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Coca-Cola Targets Online Hate in Its #MakeItHappy Super Bowl Campaign


If you've spent more than three seconds on the Internet, you know it can be a pretty horrible place, swarming with cyberbullies and trolls who've turned comment sections into rotting hate-fests and people's own personal social pages into sources of despair.

Coca-Cola hopes to change all that—or at least, steer things in a different direction—with its 2015 Super Bowl campaign.

The soft drink company revealed Monday that it won't be unveiling its 60-second in-game spot, by Wieden + Kennedy, until it airs nationally on the game. But there will be plenty of teasers released this week—starting with the four below—as the brand preps a message of "optimism, uplift and inclusion" for Sunday.

Three short teasers airing on TV and in cinemas will feature snippets from the :60 and introduce the #MakeItHappy hashtag. You can see those teasers here:

In addition, four longer online videos will roll out this week starring teens and celebs who've experienced online negativity (racecar driver Danica Patrick and football player Michael Sam will star in two of these) or who are devoted to spreading happiness online (Kid President stars in the one of these, which is posted below—the only one released so far).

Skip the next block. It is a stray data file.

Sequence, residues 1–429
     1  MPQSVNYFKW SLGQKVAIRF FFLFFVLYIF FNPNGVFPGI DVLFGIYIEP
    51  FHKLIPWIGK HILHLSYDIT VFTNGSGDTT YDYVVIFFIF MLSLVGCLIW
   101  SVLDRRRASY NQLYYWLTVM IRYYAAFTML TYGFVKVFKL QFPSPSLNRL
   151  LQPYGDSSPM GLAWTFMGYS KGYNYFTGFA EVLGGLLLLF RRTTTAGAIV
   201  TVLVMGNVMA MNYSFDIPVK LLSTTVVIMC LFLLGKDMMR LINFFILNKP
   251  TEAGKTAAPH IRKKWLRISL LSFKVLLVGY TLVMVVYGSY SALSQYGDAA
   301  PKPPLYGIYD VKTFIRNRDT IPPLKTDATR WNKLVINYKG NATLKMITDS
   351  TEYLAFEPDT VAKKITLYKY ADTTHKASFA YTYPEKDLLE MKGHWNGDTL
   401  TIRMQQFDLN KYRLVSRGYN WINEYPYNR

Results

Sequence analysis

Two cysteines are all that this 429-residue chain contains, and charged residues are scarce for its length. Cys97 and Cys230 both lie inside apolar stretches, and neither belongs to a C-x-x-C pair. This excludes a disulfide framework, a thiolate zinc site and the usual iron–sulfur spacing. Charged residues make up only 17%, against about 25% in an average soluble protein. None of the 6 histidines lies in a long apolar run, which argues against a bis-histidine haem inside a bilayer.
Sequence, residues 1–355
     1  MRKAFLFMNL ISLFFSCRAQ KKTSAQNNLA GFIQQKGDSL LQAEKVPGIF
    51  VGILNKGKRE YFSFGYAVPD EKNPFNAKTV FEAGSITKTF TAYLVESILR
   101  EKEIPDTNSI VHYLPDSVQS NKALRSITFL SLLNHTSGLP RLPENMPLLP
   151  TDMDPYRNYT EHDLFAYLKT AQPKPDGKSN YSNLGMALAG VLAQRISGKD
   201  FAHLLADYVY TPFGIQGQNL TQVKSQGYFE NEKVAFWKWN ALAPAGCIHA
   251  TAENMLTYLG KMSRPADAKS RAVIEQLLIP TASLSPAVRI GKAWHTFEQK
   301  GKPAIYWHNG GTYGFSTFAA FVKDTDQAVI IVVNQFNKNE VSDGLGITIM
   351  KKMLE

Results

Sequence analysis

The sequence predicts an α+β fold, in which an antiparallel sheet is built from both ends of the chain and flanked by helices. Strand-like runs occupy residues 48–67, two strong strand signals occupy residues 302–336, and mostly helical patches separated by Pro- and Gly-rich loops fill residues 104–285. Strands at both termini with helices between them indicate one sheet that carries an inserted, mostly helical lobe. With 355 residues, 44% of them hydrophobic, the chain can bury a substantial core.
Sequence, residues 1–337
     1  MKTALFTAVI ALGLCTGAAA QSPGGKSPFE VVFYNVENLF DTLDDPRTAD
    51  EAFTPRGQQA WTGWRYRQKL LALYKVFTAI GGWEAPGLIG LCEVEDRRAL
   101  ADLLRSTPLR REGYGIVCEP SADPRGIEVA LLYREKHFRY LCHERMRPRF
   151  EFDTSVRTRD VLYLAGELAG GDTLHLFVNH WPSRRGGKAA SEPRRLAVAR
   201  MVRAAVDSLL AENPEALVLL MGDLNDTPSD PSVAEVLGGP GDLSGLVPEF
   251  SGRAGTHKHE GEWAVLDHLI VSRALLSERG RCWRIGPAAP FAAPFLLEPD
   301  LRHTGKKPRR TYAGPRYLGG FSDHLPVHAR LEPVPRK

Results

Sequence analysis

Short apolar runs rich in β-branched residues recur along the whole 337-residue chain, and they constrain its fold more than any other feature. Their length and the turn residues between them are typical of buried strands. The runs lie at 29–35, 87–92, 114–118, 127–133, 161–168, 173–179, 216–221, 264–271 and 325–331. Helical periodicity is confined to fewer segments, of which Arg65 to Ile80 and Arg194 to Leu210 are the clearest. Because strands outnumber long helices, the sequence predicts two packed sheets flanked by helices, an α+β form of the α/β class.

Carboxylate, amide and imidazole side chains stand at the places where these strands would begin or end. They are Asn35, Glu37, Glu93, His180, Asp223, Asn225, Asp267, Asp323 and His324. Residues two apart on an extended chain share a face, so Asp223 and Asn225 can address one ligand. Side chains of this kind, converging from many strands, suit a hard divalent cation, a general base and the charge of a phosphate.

"It's bold and brave, and intended to disrupt the complacency that's set in around online negativity," Jennifer Healan, Coca-Cola's group director of integrated marketing content, said in a statement about the campaign. "Our goal is to inspire America to become a collective force for positivity."

"Coca-Cola has always stood for optimism, uplift and inclusion… and these core values have been a common thread in our advertising through the years," added Andy McMillin, vp and general manager for Coca-Cola Trademark Brands.

Targeting online hate is an interesting evolution of Coke's "Open happiness" idea. And interestingly, it's a space in which McDonald's is also starting to play. The fast-food marketer, which is also expected to advertised in some capacity on Sunday, recently mentioned online negativity as one topic it's planning to address in its current refresh of "I'm lovin' it."

For Coke, focusing on anything negative—even while positioning itself as the antidote—isn't without its risks. It makes for some pretty dark, un-Coke-like broadcast teasers. And it begs the question: Can a 60-second spot really have any impact on hater culture online?

Coke says it's invested in the issue, though, and is taking real-world steps to address it. The campaign includes a partnership with DoSomething.org before and after the Big Game to spread the message of making the Internet a happier place.

"We're all surrounded by stories of online negativity, and it's a concern that only continues to grow within society," said McMillin. "We hope this campaign inspires people across the country and around the world to show more positivity in their online actions, and to stop and think before posting a negative comment."

The 60-second in-game spot—Coke's ninth consecutive appearance on the Super Bowl—was shot in Los Angeles, Mexico City and Shanghai.

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